Wine’s Dirty Little Secret

Two big trends are happening in wine right now. First, the 20s and 30s crowds are the largest wine drinking generation ever, and last year, millennials drank 44 percent of all the wine consumed in the US! Second, online wine sales are finally gaining traction. Over the last decade, as everything moved to being sold online in some fashion or another, wine was slow to the party. But that’s all starting to change.

Now that you can finally find wine online, you’d probably assume that it’s of the same solid quality as the kind you’d find at your trusted, local wine store – and a lot of it is! But part of this market has been taken up by what we call “bulk juice.”

The dirty little secret in the wine biz is that some companies import huge bladders of this unfinished wine to the US and sell it off as their own. By unfinished, we mean wine that is either yet to be aged, needs further aging or is drinkable but still in need of bottling and labeling. That juice can then be manipulated in several different ways, such as adding a sprinkle of oak dust here and a dash of extra Chardonnay there and you’ve got yourself what legally is considered to be a whole new wine blend! Now slap a fun label on that puppy and get it up on the website. Easy, right?

Now you may be asking, “Yeah, easy, what’s the big deal? There’s nothing wrong with buying things in bulk, that’s what makes Costco so damn awesome!” Well the big deal, in our humble opinion, is that wine isn’t your average product. Winemaking is an art form, and every bottle tells a story. Bulk buying wine to slightly manipulate it and dress it up in a pretty bottle is masking the story the wine is trying to tell the drink – and it can often be because the juice itself wasn’t all that great to begin with. This is doing a disservice to the wine industry and the wine drinker.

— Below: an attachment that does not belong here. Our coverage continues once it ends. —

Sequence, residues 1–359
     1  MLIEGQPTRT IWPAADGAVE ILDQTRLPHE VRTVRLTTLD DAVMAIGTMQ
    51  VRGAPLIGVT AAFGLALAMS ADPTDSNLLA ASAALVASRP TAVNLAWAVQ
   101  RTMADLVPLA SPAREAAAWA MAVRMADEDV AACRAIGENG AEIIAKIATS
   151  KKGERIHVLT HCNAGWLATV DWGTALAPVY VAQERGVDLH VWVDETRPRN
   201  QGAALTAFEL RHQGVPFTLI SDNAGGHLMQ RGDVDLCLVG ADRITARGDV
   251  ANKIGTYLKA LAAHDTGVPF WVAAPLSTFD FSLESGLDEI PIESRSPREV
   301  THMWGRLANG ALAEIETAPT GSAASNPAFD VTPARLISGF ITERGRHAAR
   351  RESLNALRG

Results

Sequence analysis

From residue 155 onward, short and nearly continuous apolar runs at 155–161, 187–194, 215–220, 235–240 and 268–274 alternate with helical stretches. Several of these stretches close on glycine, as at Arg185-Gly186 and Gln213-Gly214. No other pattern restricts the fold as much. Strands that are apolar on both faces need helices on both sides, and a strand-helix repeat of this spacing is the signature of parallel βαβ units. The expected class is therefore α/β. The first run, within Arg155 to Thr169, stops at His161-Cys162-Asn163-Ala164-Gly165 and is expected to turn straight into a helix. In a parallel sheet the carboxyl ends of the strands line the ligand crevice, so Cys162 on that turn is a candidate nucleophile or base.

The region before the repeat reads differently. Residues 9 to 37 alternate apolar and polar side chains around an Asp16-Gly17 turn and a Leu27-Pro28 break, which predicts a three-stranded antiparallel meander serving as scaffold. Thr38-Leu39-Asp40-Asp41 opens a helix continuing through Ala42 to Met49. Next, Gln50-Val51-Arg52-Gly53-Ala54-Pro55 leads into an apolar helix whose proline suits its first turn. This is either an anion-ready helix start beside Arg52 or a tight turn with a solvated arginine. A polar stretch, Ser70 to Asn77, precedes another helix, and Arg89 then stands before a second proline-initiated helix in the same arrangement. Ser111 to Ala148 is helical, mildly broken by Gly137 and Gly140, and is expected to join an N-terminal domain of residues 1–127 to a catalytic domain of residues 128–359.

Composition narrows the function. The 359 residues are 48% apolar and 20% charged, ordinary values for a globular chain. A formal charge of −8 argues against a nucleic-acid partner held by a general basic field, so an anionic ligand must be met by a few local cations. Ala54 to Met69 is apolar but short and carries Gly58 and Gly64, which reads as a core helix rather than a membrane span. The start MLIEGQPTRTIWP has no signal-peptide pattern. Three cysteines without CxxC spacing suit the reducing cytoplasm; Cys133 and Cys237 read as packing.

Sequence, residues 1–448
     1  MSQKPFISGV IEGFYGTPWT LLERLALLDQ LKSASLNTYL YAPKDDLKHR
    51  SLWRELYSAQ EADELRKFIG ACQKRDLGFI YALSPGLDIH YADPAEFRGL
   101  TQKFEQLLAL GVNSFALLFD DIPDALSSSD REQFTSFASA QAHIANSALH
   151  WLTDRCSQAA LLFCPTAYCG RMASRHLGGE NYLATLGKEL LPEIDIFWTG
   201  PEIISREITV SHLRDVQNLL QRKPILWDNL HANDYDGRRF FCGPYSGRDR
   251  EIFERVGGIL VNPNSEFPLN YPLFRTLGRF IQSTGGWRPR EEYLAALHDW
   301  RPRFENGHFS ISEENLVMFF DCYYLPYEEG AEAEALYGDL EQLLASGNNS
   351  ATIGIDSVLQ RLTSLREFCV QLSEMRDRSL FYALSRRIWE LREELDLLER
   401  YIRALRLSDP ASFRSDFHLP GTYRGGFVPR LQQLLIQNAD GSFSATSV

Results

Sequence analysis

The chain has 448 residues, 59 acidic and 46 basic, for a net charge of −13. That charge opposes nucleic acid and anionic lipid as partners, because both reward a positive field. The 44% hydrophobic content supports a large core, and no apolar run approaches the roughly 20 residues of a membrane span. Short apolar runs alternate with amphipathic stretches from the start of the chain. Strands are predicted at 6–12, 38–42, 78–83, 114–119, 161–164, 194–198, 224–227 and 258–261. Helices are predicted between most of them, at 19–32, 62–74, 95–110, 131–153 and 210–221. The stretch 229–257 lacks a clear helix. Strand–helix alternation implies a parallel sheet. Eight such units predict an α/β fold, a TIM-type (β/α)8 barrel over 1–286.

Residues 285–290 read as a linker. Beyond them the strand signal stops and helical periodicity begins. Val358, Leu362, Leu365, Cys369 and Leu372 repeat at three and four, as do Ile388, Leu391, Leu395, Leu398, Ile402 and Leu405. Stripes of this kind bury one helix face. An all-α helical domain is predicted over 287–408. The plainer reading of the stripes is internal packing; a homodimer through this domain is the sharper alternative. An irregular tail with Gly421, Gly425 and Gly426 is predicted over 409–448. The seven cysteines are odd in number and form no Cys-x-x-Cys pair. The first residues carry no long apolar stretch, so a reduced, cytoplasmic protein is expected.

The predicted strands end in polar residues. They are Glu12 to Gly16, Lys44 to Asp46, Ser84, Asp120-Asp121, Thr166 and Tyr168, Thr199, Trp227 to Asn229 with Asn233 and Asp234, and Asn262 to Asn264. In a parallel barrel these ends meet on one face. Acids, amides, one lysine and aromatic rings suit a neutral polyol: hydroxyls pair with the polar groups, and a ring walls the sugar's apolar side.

Wine is a romance product because it comes from a place, a year and a style. It is made by real people. And how the wine is made is important. Wine is art. As consumers, sometimes we just want a big, delicious glass at the end of a hard day without knowing varietals, vintages, and any fancy wine words. And that’s cool too. But why can’t you have it both ways? We at WA would never try to cover up a wine’s true identity – but we would collaborate with winemakers to bring you something awesome.

Which brings us to private labeling. Private labeling is when a winemaker crafts a vintage of wine and then sells it, either as a single varietal or as a blend unique to the collaborator. So while the wine is still produced by the winemaker, it’s bottled in collaboration with the brand who owns it. In this month’s box, we’re very excited to announce, we have introduced our first WA brand in collaboration with the acclaimed family winery, Carrier Wines.

Meet La Pinot. Born in 2013, it’s from the Santa Lucia Highlands of California, and it’s a Pinot Noir that tastes exactly like where it comes from. Wine geeks call this “terroir.” We just think the juice tastes damn good. The Caraccioli brothers are a real deal wine family and the WA Crew is crazy thrilled to have worked with them to create this label. You can find it in our subscription, on our wine list and in wine shops in NYC (more cities soon). I’d love to personally know what you think about our first partnership brand. Have thoughts? Email me at [email protected]. For real.

Ready to snag your own bottle of La Pinot? Grab ’em before we drink them all ourselves.


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  • Dan King says:

    The only problem is the “Pinot Noir” is a masculine noun, and the wine thereby should take the masculine prepostion “Le”, but whatever..

  • Marie Carter says:

    Agree with Dan King…but whatevahs as they say in Aiea, Hawaii

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